Now that's my 5 cents, take it or leave it.
  7. by   roser13
    I anticipate a long, hard road of employment for you. However each of us came to the position of Registered Nurse, we are all performing essentially the same job (like it or not, it is what it is). If you had wanted out-of-the-ordinary recognition for your accomplishments, I'm afraid that you may have chosen the wrong profession.

    Of course you are to be commended for your degree. Anyone who goes above and beyond is to be commended. But walking out of an orientation and leaving a position to which you've committed strikes me as a little extreme and a harbinger for your future job satisfaction.
  8. by   Lucky0220
    Simba, I must say that you seem to be so very insecure if you feel the need to display every credential that you have. I got my BA in education years ago, so what! I got a great education (4yr liberal arts degree), and it all it really prepared me for was to do great when watching Jeopardy with friends!! Your education is for you and you alone to be proud of. I now have my ADN in nursing and I may be more "educated" than my fellow nurses on the floor, but I know NOTHING compared to them when it comes to nursing because I am brand new. Every tech knows more than me when it comes to patient care! We should all strive to learn something new every day, no matter who it comes from. Do you think that someone who worked very hard and made tons of money due to his hard work should wear a badge that says "millionaire"? Be proud of what you've accomplished, but don't let it give you a false sense of entitlement. By the way, with all your "credentials", your spelling could be a bit better!!! LOL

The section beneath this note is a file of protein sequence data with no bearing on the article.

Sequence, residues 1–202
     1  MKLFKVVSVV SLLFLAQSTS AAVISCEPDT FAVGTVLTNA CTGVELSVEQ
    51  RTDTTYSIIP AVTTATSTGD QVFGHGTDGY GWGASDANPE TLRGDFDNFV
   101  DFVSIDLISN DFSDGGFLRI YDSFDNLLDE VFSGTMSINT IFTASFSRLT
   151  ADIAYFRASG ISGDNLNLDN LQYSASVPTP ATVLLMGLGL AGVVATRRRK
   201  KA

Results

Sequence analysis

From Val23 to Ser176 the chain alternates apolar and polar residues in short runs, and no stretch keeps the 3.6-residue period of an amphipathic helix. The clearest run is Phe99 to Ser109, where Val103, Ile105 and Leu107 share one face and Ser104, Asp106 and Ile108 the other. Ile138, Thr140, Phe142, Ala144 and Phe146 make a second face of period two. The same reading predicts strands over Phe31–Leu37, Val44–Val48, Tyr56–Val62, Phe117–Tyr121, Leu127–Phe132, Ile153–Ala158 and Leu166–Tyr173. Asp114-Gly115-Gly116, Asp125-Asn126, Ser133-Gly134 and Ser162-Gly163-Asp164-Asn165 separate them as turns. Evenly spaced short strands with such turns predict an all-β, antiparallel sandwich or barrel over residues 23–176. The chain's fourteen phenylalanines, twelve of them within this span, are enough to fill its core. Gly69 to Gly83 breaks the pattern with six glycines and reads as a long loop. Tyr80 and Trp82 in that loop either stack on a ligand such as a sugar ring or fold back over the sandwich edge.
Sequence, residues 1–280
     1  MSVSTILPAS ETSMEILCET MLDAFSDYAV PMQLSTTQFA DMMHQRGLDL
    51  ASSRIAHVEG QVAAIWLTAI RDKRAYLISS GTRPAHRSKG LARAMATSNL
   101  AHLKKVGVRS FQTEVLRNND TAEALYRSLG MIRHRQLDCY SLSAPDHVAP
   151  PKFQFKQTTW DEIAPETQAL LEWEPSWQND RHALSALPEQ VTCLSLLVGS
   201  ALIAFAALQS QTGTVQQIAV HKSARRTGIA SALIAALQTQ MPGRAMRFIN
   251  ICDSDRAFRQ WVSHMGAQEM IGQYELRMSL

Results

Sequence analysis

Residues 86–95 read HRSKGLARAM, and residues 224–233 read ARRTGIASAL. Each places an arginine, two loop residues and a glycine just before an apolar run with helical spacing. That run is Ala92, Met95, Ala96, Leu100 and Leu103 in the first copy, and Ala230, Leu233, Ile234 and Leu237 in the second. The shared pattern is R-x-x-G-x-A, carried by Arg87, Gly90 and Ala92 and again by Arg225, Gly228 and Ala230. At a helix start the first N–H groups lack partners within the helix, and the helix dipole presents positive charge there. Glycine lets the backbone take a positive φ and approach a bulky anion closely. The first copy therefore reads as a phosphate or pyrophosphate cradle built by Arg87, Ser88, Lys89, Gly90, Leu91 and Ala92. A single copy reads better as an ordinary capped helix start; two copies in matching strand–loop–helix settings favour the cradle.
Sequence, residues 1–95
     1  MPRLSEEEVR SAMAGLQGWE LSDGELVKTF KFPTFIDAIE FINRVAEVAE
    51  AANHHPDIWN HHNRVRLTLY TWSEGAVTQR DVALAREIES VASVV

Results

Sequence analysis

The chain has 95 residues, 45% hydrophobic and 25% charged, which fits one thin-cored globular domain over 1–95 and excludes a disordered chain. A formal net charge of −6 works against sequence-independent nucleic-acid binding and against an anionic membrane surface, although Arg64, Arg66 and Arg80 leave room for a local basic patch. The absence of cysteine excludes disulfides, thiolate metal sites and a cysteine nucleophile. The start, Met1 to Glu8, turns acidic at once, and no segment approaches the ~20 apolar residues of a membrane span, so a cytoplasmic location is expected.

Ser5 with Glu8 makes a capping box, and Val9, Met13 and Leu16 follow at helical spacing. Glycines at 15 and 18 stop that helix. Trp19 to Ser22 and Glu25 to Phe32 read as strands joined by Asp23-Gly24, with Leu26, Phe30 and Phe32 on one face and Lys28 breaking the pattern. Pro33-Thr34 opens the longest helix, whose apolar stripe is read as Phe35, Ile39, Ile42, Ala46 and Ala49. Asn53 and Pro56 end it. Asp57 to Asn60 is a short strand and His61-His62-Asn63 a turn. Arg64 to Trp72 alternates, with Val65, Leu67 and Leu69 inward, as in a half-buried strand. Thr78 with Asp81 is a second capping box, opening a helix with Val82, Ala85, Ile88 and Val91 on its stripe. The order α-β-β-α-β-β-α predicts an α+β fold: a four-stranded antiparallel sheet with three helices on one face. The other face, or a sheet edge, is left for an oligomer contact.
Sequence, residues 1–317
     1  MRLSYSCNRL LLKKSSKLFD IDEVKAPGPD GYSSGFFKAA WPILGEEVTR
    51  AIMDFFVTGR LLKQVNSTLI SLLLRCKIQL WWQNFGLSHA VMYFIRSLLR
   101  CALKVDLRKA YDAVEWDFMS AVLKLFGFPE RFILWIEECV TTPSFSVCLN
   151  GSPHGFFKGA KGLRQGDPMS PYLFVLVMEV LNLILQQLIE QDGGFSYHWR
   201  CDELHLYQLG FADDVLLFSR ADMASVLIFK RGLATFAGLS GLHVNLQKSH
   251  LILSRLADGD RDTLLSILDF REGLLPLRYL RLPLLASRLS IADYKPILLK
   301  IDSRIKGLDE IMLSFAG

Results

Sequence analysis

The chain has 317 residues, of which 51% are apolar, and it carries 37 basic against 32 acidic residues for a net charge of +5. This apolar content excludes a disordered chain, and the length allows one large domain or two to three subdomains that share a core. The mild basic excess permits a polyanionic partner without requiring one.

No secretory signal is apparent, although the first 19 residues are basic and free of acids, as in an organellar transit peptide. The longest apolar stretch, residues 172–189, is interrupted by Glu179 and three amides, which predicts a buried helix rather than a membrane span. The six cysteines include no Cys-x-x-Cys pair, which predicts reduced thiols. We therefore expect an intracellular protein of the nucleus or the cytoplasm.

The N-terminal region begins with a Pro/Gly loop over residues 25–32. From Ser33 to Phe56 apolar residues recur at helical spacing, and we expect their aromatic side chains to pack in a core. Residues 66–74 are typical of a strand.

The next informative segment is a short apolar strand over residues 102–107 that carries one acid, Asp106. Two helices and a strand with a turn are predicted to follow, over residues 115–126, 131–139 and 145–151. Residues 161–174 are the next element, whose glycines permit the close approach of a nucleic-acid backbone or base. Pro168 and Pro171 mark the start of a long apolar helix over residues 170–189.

9. by   Neveranurseagain
    Quote by Simba:

    "We were required to write a Socialization paper....We were required to do a research paper...including statistics etc. In other words...our bar was raised pretty high....now a hospital comes along and tells me that it means nothing."

    Well guess what? I am currently working on a 15 page research report with stats and just finished a a paper on Health Care Rationing....and I am going to a Junior College!!!! I have my RN AS but am finishing my Bachelors in Liberal Arts. Most colleges do require these type of papers, whether you are an AA or BSN!